IFG records operating loss following cost of restructuring

Shares in the company slumped more than 7% last month after group issued warning

John Cotter, group chief executive of IFG since September 2016. Photograph: Eric Luke

Financial services group IFG recorded an operating loss of £100,000 during the first half of 2017, down significantly from a profit of £4 million over the same period a year previous.

Shares in the company slumped more than 7 per cent last month after the group issued a profit warning. It said profits would be materially lower than expected as a result of accelerated restructuring of its James Hay business and legal costs.

The company said it was engaged in ongoing discussions with British Revenue and Customs to clarify any potential sanction over legacy non-standard investments in which some of its James Hay clients invested.

In its half-year results for the year ended June 30th, 2017, published on Wednesday, the company said profit attributable to the shareholders had decreased from £2.8 million to £0.01 million, largely arising from “exceptional costs incurred”.


IFG Group is a financial services company with full market listings in London and Dublin. It provides a range of financial solutions including full platform services, pensions’ administration and independent financial advice.

Assets under administration and advice increased from £24.4 billion to £29.1 billion in the 12 months to June 30th, with James Hay now administering more than £24.2 billion of client assets and Saunderson House advising on just under £5 billion of assets.

Revenue decreased by 4 per cent. Client and asset growth were strong in James Hay and much of the lost interest revenue “will be offset” from repricing undertaken.


In Saunderson House, the growth of the discretionary management service was “ahead of forecast”, but due to the timing of asset take-on, the full revenue benefits of this performance “will only be seen during the second half the year”.

Group adjusted operating profit decreased by 37 per cent, from £5.8 million to £3.7 million.

Adjusting for the £3.3 million reduction in interest revenue versus the same period last year, the company said both revenues and adjusted operating profits would have been ahead of the same period during 2016.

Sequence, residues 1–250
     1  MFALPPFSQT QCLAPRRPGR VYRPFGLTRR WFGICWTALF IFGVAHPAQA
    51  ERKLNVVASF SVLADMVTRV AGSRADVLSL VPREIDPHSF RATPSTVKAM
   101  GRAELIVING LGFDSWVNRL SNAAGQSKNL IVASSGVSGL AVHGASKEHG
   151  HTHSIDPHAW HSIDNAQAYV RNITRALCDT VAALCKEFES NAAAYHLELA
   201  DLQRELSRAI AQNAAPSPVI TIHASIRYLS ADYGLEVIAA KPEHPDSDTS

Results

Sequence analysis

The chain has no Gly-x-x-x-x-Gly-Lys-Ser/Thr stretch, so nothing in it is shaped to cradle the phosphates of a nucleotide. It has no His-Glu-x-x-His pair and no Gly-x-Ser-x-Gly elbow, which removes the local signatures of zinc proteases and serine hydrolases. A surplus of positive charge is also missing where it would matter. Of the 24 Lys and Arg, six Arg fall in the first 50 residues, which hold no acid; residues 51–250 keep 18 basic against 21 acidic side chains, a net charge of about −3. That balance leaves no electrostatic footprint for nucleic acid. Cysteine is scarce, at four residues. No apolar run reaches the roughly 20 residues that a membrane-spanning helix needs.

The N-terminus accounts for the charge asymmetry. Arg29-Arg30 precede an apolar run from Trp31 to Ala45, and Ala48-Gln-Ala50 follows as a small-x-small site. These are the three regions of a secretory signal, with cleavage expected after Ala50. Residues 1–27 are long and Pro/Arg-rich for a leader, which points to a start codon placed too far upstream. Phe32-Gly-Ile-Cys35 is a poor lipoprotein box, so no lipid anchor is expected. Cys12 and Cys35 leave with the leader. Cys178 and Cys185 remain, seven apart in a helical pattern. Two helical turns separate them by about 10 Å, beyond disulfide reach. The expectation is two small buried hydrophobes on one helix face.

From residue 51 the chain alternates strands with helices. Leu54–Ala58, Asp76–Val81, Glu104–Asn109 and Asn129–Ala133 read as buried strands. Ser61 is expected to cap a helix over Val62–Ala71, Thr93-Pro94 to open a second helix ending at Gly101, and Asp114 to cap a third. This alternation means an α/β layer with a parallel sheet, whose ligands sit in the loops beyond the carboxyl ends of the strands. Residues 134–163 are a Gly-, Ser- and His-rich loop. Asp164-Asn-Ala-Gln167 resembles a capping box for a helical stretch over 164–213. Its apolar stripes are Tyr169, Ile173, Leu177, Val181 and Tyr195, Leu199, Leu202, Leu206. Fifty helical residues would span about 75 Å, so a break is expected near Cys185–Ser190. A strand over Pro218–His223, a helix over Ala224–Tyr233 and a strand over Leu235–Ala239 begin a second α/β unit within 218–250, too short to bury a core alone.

The underlying performance of the businesses will translate into revenue and profit growth during the second half of the year, and position the group “strongly” as it moves into 2018.

The group delivered earnings per share of 0.01 pence compared to 2.63 pence last year. Its adjusted earnings per share were 2.98 pence compared to 4.05 pence last year, a decrease of 26 per cent.

IFG chief executive John Cotter said short-term financial performance was being impacted by the low interest rate environment, restructuring costs and the resolution of legacy issues.

“We expect a much improved second half underlying performance, particularly in James Hay as the effects of repricing and restructuring start to bear fruit,” he said.

“We are confident that both businesses are on a strong growth trajectory and that the underlying performance will translate into a much improved financial performance in 2018.”

Legacy issues

The group’s strategy remains “unchanged”, focused on the organic growth and development of its James Hay and Saunderson House financial advisory businesses.

The company said the first six months of 2017 had been “challenging from a financial standpoint” and impacted by the ongoing legacy issues and restructuring costs.

“The underlying businesses have performed strongly, growing assets and clients ahead of our forecasts, and materially ahead of the same period in 2016.

“We now administer or advise more than £29 billion of assets for over 59,000 clients across both businesses.

“Legacy issues have impacted profits due to costs, and we also took the decision to accelerate restructuring in James Hay, which will have a further short-term financial impact in the second half of the year, but reflects our confidence in the changes we are making to the business.”

In a note, an analyst with Davy said IFG reported “strong growth” in its key assets under administration and advice metric, up 19 per cent year-on-year to over £29 billion, reflecting “solid growth” in both businesses.

“Below the operating line, significant exceptional items of £2.7 million have driven an operating loss of £0.1 million, yet resolution of the legacy Elysian Fuels matter remains outstanding and could materially impact reported results in the second half of the year,” she said.

Colin Gleeson

Colin Gleeson

Colin Gleeson is an Irish Times reporter